December 14, 2016

Why is obvious crony statism referred to as crony capitalism?

Sir, I refer to Martin Wolf’s “Why Xi cannot succeed with his reforms” December 14.

In it, Wolf quotes the following from Minxin Pei’s “China’s Crony Capitalism”: “The emergence and entrenchment of crony capitalism in China’s political economy, in retrospect, is the logical outcome of Deng Xiaoping’s authoritarian model of economic modernisation… because elites in control of unconstrained power cannot resist using it to loot the wealth generated by economic growth.”

But “Capitalism” (at least according to Wikipedia), “is an economic system based on private ownership of the means of production and their operation for profit. Characteristics central to capitalism include private property, capital accumulation, wage labor, voluntary exchange, a price system, and competitive markets. In a capitalist market economy, decision-making and investment is determined by the owners of the factors of production in financial and capital markets, and prices and the distribution of goods are mainly determined by competition in the market.”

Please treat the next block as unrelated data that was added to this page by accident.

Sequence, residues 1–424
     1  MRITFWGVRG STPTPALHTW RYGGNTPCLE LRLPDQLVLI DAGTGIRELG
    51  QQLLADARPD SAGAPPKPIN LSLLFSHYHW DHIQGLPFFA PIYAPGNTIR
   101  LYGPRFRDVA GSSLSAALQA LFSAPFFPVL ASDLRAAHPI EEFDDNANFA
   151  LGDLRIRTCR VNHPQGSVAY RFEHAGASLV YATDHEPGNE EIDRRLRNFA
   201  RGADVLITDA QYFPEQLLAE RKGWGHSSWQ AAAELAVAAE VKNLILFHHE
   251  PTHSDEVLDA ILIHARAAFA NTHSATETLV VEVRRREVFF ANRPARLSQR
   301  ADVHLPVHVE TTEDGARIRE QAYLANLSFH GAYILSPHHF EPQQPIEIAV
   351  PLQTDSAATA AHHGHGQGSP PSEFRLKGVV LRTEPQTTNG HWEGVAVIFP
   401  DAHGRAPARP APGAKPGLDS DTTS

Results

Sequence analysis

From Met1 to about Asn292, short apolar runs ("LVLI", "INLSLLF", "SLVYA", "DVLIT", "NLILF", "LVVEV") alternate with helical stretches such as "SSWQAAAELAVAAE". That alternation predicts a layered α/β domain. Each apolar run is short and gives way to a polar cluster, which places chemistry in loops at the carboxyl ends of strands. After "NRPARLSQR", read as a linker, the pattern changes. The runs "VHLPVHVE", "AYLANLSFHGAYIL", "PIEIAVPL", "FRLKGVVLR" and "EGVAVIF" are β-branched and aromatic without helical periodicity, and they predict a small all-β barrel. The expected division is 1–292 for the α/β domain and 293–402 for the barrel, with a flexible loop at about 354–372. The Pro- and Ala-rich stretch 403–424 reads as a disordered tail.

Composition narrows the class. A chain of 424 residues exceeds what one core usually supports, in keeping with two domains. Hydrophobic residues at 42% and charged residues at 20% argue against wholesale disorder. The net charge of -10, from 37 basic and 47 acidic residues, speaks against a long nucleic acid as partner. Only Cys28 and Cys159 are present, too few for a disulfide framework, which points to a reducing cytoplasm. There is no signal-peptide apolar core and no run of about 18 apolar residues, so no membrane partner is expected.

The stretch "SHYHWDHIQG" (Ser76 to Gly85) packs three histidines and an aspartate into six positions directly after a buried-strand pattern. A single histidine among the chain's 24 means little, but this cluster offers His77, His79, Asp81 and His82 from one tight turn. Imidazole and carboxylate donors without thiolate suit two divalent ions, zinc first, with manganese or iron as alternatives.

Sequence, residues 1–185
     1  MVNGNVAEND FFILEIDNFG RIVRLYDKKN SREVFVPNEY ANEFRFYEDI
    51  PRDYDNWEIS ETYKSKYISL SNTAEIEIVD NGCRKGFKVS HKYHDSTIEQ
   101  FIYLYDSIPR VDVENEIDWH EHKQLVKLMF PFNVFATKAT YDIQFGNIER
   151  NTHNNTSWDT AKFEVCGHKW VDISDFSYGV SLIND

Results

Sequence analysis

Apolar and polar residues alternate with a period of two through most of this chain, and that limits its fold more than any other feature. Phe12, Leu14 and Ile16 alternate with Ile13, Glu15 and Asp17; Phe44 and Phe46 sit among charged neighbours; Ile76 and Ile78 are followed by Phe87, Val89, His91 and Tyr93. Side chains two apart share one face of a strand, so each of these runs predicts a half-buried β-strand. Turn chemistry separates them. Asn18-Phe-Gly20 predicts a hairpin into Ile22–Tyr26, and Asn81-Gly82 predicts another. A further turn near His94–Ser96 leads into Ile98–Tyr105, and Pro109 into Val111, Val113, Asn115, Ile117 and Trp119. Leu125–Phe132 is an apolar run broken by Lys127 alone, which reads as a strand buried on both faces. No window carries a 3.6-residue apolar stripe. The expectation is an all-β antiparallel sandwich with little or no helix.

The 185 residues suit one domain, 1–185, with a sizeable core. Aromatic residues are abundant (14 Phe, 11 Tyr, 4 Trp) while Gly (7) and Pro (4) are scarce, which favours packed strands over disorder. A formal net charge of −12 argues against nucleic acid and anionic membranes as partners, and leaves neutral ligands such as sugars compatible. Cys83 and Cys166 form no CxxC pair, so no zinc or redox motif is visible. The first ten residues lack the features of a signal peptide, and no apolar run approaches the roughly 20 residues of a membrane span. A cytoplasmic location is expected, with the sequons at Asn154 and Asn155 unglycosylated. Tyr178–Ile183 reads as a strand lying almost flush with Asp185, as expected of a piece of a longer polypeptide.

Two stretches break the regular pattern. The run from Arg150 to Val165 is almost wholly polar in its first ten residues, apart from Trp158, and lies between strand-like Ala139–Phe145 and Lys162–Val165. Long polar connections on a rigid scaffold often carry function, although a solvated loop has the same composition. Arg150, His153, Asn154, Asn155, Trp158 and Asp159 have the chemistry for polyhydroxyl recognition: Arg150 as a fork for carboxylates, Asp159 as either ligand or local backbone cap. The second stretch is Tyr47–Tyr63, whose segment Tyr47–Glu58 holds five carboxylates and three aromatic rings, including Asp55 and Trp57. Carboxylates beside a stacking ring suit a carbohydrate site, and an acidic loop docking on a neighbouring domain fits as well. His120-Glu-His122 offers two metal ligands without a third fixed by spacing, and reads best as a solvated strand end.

Sir, so why does it refer to “crony capitalism” when it is clearly much more a case of “crony statism”? Could it be that the “unconstrained power of the elites” also cover the terminology we are to use? Like for instance when references are made to our economies being under the yoke of “neo-liberalism”, all while bank regulators gladly risk-weigh Sovereigns with 0%, and We the People with 100%. Or like when intrusive and complex bank regulations are mentioned to have happened in a period of "deregulation". 

@PerKurowski